Last week, my 14-month old twins attended their first pool party without me. Their father and grandmother (my mother-in-law) went with them. It was a luau-themed party, and they wore these fabulous grass skirts courtesy of one of my husband’s cousins. They enjoyed swimming at the pool with their Papa, and when they were taken out of the water after about 20 minutes of splashing about, they were kicking and screaming and pointing to the pool, wanting to go back in even if their tiny baby teeth were practically chattering from the cold. Good times, all in all.
Happy birthday Lucas!
(photo courtesy of Mommy Mithi)
So where was I during this fun milestone? Where’s Mommy?
At around that time, I was off on a trip gaining firsts of my own. First time to travel to Central Mindanao, or the SOCKSARGEN (South Cotabato, Cotabato, Sultan Kudarat, Sarangani and General Santos City) area. First time to work with a certain organization and the new set of people that comes with it. First time to take on fieldwork since I started to freelance/work at home when I got pregnant. First time to be away from the twins for as long as one week (the only other time we were apart was when they were around four months old, for five days).
Needless to say, it was hard. I was thinking about them every day, and every night I would still wake up several times, in sync to their feeding schedule. Fortunately, during meetings/interviews, my brain cells would kick in and I would be able to participate as I should, but in a lot of times in between—when I would see a little toddler at the airport, during the frequent van rides as we went from one interview to the next, when I would wait for sleep to overtake me at 3 am—I would be thinking of them, and missing them. FaceTime helped a little, although oftentimes the connection would be poor.
“It’s okay,” one of my new colleagues soothed me, when I told her that this would be my longest separation from my babies so far. She said something like “you also need to be away from them to love them better.” Because of course, nobody blames me for having to go, but still it seemed that there is a need to justify it.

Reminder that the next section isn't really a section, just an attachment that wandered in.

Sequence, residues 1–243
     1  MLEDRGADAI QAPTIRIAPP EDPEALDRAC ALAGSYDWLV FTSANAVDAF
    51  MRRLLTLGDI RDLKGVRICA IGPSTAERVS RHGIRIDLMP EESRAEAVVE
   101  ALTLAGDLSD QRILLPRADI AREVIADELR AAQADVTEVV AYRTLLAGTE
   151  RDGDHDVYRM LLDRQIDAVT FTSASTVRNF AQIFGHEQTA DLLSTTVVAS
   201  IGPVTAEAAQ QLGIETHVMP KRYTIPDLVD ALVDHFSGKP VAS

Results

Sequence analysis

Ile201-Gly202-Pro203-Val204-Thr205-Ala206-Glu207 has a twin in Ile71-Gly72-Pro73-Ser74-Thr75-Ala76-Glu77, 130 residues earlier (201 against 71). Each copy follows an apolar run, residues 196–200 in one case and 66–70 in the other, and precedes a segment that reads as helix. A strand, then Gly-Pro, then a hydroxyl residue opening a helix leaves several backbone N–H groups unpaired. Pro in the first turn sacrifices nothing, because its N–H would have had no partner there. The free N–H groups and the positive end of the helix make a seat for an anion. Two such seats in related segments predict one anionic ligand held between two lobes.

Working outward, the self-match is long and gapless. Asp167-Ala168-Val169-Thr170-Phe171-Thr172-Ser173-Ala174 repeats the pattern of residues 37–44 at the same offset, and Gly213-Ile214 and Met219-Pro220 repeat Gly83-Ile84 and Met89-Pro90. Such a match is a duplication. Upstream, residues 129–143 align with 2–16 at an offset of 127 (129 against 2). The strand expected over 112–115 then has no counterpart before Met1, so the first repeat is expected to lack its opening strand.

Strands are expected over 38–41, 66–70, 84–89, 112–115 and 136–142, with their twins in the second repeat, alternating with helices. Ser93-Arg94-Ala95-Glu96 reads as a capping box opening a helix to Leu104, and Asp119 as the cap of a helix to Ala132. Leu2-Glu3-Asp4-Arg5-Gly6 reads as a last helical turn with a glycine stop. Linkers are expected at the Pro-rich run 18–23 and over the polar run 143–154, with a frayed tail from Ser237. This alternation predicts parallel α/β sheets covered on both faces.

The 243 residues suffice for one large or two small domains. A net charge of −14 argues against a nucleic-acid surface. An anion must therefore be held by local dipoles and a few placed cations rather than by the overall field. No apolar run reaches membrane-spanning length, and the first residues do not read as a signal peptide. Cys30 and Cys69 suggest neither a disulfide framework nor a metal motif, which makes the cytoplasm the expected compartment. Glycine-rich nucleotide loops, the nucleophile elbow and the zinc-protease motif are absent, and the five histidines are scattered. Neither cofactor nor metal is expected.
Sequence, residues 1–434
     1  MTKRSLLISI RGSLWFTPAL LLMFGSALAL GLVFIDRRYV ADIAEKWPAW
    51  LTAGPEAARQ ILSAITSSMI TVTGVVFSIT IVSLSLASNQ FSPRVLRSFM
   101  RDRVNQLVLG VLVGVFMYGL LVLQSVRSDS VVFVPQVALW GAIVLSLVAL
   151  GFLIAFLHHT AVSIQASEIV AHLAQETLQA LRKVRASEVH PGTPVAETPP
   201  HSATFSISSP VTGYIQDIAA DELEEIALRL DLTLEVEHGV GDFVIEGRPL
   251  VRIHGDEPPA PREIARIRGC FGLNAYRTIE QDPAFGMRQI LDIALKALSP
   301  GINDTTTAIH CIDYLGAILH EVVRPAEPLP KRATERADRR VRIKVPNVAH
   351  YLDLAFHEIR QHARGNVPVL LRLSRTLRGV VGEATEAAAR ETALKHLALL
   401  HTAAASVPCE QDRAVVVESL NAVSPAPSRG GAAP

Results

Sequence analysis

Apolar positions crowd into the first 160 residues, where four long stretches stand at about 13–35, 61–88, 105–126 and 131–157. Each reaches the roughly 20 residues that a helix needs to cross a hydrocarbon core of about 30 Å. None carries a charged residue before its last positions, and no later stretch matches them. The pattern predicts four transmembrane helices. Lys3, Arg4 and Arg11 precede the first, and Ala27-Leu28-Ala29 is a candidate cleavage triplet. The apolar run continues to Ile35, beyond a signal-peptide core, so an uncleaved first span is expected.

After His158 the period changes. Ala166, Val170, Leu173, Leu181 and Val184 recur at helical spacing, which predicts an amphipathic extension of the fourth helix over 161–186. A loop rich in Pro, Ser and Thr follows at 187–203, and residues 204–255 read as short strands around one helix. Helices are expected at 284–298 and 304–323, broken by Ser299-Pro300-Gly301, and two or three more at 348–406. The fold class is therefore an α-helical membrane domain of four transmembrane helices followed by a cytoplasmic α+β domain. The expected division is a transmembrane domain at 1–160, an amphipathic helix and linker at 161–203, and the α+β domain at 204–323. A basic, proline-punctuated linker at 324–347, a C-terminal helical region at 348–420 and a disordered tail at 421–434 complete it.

Much as I found it difficult to be away from them, however, I really did want to go, and was happy for the opportunity that came my way. I used to do this sort of thing before I became a mom, and of course I would still continue to do it even after, even though it is true that my world’s axis has somehow tilted and everything looks and feels different since my babies arrived. Aside from the sheer practical need of having to earn income, I think I still need to work or to have some other preoccupation other than playing with the twins or changing diapers or whatnot. Because honestly, I think that sort of thing day in and day out would drive me mad.
I do sometimes ask myself why—why am I not like those moms who are really, really ok going at it full time even if it is very challenging—but if there’s anything I’ve learned since getting into this whole parenting thing, it’s that every mother/parent/family—every child!—is different. What works for one may not necessarily work for the other, and it doesn’t necessarily mean that the one or the other is doing it wrong. It’s just different, period. And we are all doing the best we can.
And so, while my twins spent the week going about their routines without Mommy at her usual perch in front of her laptop at the dining table, Mommy was hopping from place to place in SOCKSARGEN, Dumaguete, and Siquijor, seeing new sights, revisiting some familiar places, meeting new people, growing bored at ferry rides, getting frustrated with some work stuff—basically doing other things. And when I came back home, there were hugs and smiles and kisses, and it seemed that neither one of the babies nor Mommy suffered any major trauma from the separation. They are still my babies, and I am still Mommy, albeit an occasionally distracted or absent one. And we are still all doing the best we can. And one hopefully not too distant day, we will all travel together.